Tick Season 🤢
We’ve been wishing for a little sunshine, a few less puddles and the option to walk without getting mud splattered on every outing. Our sunshine wish seems to be granted, well for a few days at least so that moves us on to the next challenge, Tick season 🤢
Mostly active in warmer months ticks are commonly found in long grass, woodlands, undergrowth, and areas with lots of wildlife. These little parasites feed on animal and human blood, they may also transmit diseases such as Lyme disease.
Ticks don’t fly or jump, they’re usually collected as an unwanted passenger when your dog brushes past them on grass, they crawl up their coat and attach to the skin to feed. These grim little creatures start off about the size of a pin head so are quite hard to spot, as they feed they can grow to about the size of a pea. If you exercise your dog in what could be considered a high-risk area, woodlands, long grass, or if your dog regularly collects ticks it is advisable to invest in a tick (and flea) repellent collar for the warmer weather.
The colour and presentation of ticks differs a little depending on the type and how full it is but bluish grey to pink, purple and brown are often seen. They can attach anywhere but can often be found around ears, arm pits and anywhere else really. Initially when you feel a tick on your dog or cat it is easy to assume it’s a lump or skin tag, when you look closely at your pet’s skin you’ll notice little legs wiggling behind the lump.
Some ticks in the UK carry and transmit Lyme disease (Borreliosis), speak to your vet if you think your dog has become poorly after having one removed.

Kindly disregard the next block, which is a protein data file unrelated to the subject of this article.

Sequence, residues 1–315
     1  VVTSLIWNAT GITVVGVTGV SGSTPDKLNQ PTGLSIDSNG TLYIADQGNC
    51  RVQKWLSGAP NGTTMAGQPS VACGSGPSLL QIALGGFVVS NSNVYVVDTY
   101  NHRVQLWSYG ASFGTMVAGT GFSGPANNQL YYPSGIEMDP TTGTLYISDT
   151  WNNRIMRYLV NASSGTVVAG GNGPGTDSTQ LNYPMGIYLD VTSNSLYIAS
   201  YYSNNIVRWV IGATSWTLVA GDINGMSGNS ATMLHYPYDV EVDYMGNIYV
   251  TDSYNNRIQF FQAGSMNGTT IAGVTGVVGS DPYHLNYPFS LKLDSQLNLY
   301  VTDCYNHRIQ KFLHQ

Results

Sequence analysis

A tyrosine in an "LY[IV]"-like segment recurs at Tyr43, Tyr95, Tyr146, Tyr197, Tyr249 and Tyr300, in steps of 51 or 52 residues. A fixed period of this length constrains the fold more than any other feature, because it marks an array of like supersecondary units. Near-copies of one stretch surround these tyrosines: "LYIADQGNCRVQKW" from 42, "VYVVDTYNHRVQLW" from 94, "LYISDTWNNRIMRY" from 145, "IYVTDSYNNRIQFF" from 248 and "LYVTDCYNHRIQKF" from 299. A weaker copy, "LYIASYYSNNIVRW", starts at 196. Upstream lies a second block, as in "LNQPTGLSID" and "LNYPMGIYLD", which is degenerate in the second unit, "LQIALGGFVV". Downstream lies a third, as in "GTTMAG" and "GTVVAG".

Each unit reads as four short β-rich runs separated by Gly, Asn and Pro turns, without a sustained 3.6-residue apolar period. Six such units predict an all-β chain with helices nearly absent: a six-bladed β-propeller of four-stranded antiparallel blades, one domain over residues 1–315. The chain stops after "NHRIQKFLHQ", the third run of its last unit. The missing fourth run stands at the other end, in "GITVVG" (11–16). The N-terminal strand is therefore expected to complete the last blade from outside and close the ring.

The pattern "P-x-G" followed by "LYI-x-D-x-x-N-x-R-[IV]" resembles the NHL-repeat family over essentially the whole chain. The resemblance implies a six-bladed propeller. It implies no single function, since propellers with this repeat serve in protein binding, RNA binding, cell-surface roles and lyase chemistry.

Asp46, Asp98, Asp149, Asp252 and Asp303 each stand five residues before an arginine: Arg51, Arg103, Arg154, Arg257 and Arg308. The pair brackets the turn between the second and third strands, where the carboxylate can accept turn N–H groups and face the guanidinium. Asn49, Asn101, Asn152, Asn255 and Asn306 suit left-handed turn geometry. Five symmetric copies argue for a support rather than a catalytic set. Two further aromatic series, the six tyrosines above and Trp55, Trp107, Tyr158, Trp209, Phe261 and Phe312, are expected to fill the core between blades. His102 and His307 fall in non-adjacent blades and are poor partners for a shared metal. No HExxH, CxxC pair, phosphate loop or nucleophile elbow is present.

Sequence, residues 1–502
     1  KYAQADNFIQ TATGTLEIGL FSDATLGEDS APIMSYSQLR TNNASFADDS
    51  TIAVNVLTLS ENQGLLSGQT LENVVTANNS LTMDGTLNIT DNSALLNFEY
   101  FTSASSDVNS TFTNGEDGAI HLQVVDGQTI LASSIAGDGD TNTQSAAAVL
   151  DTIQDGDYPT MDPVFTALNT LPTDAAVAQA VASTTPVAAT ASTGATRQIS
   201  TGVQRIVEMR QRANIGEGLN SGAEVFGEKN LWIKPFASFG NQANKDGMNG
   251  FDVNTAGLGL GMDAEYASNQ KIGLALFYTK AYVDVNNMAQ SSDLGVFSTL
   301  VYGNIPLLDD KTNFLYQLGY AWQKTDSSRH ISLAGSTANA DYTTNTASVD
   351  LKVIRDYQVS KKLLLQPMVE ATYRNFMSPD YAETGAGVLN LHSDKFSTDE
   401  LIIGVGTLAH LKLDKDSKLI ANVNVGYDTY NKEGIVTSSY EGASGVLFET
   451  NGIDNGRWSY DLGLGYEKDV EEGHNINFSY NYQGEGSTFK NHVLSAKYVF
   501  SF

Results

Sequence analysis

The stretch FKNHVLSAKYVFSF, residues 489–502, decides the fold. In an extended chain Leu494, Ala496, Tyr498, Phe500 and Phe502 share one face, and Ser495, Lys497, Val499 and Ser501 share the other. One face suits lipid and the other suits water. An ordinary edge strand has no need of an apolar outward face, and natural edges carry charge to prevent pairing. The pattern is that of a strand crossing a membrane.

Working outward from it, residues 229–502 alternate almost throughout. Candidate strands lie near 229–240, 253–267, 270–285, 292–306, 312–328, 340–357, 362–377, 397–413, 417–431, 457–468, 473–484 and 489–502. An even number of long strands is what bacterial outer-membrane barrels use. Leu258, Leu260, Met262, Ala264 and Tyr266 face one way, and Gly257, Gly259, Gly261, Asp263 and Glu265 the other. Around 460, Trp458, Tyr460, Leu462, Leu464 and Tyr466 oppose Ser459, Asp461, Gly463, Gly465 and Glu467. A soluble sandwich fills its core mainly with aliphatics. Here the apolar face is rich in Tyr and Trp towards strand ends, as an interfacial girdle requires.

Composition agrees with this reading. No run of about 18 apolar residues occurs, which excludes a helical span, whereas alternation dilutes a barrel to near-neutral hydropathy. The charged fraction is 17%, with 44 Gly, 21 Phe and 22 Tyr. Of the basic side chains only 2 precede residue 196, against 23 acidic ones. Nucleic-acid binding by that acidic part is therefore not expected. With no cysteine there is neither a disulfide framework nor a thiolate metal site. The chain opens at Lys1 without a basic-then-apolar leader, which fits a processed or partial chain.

Just to make things worse ticks can bite people too. they don’t survive for long on humans, but they can still attach and feed. As well as causing irritation and possible infection, ticks can transmit diseases such as Lyme disease (Borreliosis) to humans. Although Lyme disease is rare, if you find a tick on yourself or develop a ‘bullseye’ style rash, it is best to contact your healthcare provider for advice. If you know you’re going to be walking in long grass wear long trousers, especially if it’s in an area your dog has previously collected a tick.
Should you find a tick on your dog it’s important to remove it quickly and effectively ensuring the mouth parts come clear. There are some great tools for this which can be found online. Don’t try to squeeze, pull, or burn them off and don’t cover them in petroleum jelly.
Check your dog regularly, running your hands up their legs, checking arm pits, behind ears and tummies too. Just another reason as if we need one, to give them lots of love and attention.